Fumed by Advocatus Militaris, Man of the Year at 2:21 PM. |

Oy vey!

When I first read Ann Coulter's latest column, Reagan's Biggest Mistake Finally Retires, I was at once impressed (yet again) by the incisive logic and rhetoric of my favorite Hannity & Colmes guest, and simultaneously struck by the thought that this probably was a bit of overkill now that Justice O'Connor was safely at her husband's bedside and no longer an active threat to the millions of preborn children who are now desperately trying not to become little "undue burdens" to their mothers.

That is, until I saw this article from today's WaPo: Specter Speculates: O'Connor for Chief? (hat tip: Drudge) Whaaaa...? [Insert comment about Specter having more problems than we know about here.] According to WaPo:
"I think it would be very tempting if the president said to Justice O'Connor, 'You could help the country now,' " Specter said. "She has received so much adulation that a confirmation proceeding would be more like a coronation, and she might be willing to stay on for a year or so." The chairman said he had heard "senators who had made that suggestion to Justice O'Connor, and that the response that I heard was that she said she was flattered -- that she didn't say no."
Although there's more of a chance that Edward "Chappy" Kennedy might convert to Roman Catholicism than Bush would elevate O'Connor to the post of Chief Justice, this still isn't funny. Granted, O'Connor was a Reagan nominee. But Reagan lacked what Specter and everyone else has today in spades: the perspective of 24 years of Justice O'Connor on the high Court. If you just said "so what?" you must have missed the link to Coulter's column. Go back and read it. Then send it to your friends.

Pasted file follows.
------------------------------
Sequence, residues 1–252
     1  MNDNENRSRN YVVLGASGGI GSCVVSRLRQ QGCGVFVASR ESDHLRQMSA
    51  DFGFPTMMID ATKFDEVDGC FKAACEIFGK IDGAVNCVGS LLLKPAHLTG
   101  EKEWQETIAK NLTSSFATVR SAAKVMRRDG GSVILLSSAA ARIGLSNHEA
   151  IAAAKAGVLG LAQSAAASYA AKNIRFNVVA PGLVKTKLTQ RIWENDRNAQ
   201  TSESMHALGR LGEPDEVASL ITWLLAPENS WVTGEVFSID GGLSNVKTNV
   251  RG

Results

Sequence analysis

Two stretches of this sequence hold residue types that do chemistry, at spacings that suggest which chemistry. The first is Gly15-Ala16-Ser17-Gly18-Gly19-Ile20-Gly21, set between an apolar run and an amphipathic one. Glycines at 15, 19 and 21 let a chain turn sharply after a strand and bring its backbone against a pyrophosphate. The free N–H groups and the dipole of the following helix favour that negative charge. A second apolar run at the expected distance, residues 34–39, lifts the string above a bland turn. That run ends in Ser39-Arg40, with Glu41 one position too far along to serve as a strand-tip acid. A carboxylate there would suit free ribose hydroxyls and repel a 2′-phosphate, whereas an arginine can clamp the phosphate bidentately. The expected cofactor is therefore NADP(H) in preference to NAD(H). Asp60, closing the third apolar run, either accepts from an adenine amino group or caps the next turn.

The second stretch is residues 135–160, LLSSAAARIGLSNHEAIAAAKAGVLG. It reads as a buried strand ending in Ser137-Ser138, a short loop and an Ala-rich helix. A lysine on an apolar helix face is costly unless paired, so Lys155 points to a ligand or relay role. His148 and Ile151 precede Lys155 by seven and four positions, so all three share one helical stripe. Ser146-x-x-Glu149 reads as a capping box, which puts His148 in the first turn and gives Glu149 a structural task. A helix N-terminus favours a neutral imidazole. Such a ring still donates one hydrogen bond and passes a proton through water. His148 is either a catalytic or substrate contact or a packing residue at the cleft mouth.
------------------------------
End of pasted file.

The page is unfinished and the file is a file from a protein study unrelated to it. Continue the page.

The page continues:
Lest anyone be confused as to why Specter and the other Senate liberals would support O'Connor coming back to the Court, here's why: It's the worst decision he could make regarding the Supreme Court. Then it struck me: O'Connor's retirement is only effective once her replacement has been confirmed? Could the liberals just filibuster to keep her on the Court?

Fumed by Ryder at 3:00 AM. |

Friday, July 08, 2005

British officers patroling Parliament

Reminds me of Detective Derek Grim from the BBC comedy The Thin Blue Line, always happy to have a reason to behave like a real American cop, and carry a gun.

Update: I should mention how very impressed I am at how the Brits, and particularly the Londoners, have handled this crisis.

Fumed by Thursday at 3:33 PM. |

Double Header?

Drudge is running with the siren and unofficial reports confirming Robert Novak's (and others') predictions that Chief Justice of the United States William Rehnquist is indeed handing in his resignation today. Nothing official, he says, and K-Lo over at Bench Memos thinks the fact that the Chief left home wearing his Nike cap again signifies that he is still going strong. Stay tuned. If the letter does come today, though, the weeks-ago scheduling of the Chief Justice of Southern Appeal -- Feddie -- on tonight's (6-7 pm EDT) Catholic Answers radio show (discussing the Supreme Court, of course) will look awfully prophetic!